Quick Facts

Wastewater is used water from homes, businesses and industry. In homes, it comes from sinks, showers, bathtubs, toilets, washing machines and dishwashers. Wastewater includes human waste.

SLCDPU’s top priority is to deliver high-quality, safe, clean drinking water to all its customers, collect the water that is used, treat the wastewater and return it to the environment.

Water Reclamation is the process of treating wastewater into reusable water that can be used again or safely returned to the environment.

The current Water Reclamation Facility is the City’s only wastewater treatment plant for the City.

Every minute of every day, wastewater is created by people, businesses and industry in the City. SLCDPU receives about 33 million gallons of wastewater every day; this number is expected to nearly double as the City’s population increases.

The Water Reclamation Facility must operate 24/7 without interruption. The Facility will continue to operate without interruption, even during construction.

Water reclamation facility site plan.

SLCDPU’s Water Reclamation Facility is located east of Redwood Road between 2300 North and Rose Park Golf Course. The new facility will be built just west of the current facility, after which the old facility will be decommissioned and the land repurposed. There are some elements of the existing Facility that will be reused. All major construction will take place within the existing facility boundary. A small pump station at the south end of the complex will be moved to the main site and also be rebuilt and enlarged.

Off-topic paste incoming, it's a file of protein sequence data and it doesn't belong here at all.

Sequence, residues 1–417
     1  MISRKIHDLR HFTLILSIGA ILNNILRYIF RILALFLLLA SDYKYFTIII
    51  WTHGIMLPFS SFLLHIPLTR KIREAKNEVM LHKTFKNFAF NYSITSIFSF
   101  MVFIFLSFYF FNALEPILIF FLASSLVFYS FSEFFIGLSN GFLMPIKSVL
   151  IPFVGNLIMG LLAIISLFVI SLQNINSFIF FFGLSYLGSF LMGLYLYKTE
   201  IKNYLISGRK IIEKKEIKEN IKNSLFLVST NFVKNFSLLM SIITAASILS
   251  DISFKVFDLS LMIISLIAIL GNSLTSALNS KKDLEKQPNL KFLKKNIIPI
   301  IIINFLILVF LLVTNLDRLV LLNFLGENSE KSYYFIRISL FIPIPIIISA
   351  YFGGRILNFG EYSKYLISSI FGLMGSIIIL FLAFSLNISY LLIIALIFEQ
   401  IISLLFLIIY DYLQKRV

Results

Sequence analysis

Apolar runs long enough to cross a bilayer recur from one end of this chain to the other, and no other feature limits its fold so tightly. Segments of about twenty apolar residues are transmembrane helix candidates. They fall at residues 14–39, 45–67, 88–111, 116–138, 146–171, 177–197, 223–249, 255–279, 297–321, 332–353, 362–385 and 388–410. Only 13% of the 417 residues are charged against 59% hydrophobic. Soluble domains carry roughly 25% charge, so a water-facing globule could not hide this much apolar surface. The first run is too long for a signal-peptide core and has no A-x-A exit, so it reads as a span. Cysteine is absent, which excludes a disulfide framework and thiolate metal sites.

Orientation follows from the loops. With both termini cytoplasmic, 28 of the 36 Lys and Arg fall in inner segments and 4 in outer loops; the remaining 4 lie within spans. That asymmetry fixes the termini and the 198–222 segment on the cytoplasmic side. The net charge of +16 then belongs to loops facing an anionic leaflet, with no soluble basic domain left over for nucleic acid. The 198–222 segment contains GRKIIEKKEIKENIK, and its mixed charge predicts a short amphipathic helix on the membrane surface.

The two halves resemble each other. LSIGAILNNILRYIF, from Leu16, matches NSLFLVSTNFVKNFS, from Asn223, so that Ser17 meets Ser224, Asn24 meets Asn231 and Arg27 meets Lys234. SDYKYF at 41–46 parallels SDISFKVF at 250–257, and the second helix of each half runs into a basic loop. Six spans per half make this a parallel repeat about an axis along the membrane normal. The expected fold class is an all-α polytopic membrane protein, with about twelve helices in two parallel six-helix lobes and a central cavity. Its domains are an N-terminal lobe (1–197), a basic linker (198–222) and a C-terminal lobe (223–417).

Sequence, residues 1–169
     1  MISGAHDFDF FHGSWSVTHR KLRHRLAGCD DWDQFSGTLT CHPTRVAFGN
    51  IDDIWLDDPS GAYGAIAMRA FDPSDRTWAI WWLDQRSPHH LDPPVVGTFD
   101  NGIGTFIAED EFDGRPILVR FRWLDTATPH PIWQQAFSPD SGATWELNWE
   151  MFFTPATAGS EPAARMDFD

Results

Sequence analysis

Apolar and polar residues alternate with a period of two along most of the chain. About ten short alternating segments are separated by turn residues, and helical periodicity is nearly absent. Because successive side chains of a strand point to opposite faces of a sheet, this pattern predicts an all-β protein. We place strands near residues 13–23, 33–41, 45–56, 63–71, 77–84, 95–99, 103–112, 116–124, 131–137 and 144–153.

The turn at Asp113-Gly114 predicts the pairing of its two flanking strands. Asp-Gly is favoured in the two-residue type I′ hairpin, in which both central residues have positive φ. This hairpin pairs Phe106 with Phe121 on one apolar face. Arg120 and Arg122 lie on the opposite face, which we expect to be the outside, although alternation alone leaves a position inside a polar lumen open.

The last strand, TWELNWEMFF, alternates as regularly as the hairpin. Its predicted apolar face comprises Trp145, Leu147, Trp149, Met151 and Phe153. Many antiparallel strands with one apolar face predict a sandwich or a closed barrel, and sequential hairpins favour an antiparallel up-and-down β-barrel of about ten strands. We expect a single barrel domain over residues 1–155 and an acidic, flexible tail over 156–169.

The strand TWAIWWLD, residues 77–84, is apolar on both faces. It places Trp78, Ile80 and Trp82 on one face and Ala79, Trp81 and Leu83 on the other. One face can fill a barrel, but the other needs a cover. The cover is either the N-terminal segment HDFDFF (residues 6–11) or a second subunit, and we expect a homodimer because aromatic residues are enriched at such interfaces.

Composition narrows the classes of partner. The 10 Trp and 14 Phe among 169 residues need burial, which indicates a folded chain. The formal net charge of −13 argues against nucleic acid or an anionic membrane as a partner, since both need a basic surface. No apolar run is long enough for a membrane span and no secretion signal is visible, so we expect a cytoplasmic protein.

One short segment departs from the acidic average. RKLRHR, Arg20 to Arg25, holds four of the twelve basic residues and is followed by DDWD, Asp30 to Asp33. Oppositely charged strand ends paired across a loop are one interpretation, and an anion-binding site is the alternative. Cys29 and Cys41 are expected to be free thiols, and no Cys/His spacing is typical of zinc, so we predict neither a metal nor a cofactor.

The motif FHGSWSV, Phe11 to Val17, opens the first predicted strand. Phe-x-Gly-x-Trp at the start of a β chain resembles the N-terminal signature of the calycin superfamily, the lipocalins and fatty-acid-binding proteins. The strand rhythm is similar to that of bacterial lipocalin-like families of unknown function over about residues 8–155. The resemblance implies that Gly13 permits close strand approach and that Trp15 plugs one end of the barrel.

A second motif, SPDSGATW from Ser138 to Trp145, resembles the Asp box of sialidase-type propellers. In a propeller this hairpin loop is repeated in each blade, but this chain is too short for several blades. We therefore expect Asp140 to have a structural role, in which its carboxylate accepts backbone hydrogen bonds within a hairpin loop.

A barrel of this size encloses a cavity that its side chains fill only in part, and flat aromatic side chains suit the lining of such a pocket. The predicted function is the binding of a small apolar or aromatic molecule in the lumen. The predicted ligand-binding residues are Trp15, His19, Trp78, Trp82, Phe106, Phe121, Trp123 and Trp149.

Key elements of the new Facility include:
  • Biological nutrient removal (phosphorus)
  • UV disinfection
  • Energy capture and reuse
  • Odor control
  • Reuse of biosolids
  • Addition of educational components
Existing Site Layout
Proposed Site Layout
Proposed Site Layout

Project Timeline

The reconstruction will be implemented in phase with a project completion date of 2024

Wastewater treatment process.

The wastewater treatment process used at Salt Lake City’s Water Reclamation Facility is designed to clean wastewater and safely return it to the environment. After going through a multi-step process, treated wastewater is discharged into the Northwest Canal, which flows into Farmington Bay and, ultimately, into Great Salt Lake. Biosolids from the process are removed and put to beneficial use for landfill cover and soil fertilization.

Water reclamation facility sustainability elements.

SLC Green

Salt Lake City has wisely invested in its green mission to help our community conserve resources, reduce pollution, minimize carbon emissions, and ensure a healthy, sustainable future. The City’s approach to sustainability and programs to support it have made us a sustainability leader among American cities.

As a sustainability leader, the City is always pushing to accomplish more. We are evaluating various sustainability measures to improve effectiveness and efficiency of the new Water Reclamation Facility. We’re committed to building a model Facility, while also being prudent with public funds.

OUR SUSTAINABLE APPROACH

On January 12, 2017, Salt Lake City Mayor Jackie Biskupski signed the Sustainability Infrastructure Executive Order, calling for citywide collaboration on sustainability. The executive order includes:

  • Net-zero energy buildings
  • LEED design standards
  • Sustainable infrastructure
  • Comprehensive energy management

This is how we will apply the Sustainability Executive Order to the rebuilding of the Water Reclamation Facility:

EXECUTIVE ORDER AFFECTED FACILITIES
Executive Order Title Administration Building
LEED Design Standards
Sustainable Infrastructure Campus Infrastructure
Comprehensive Energy Management Existing Buildings

DECISION-MAKING FRAMEWORK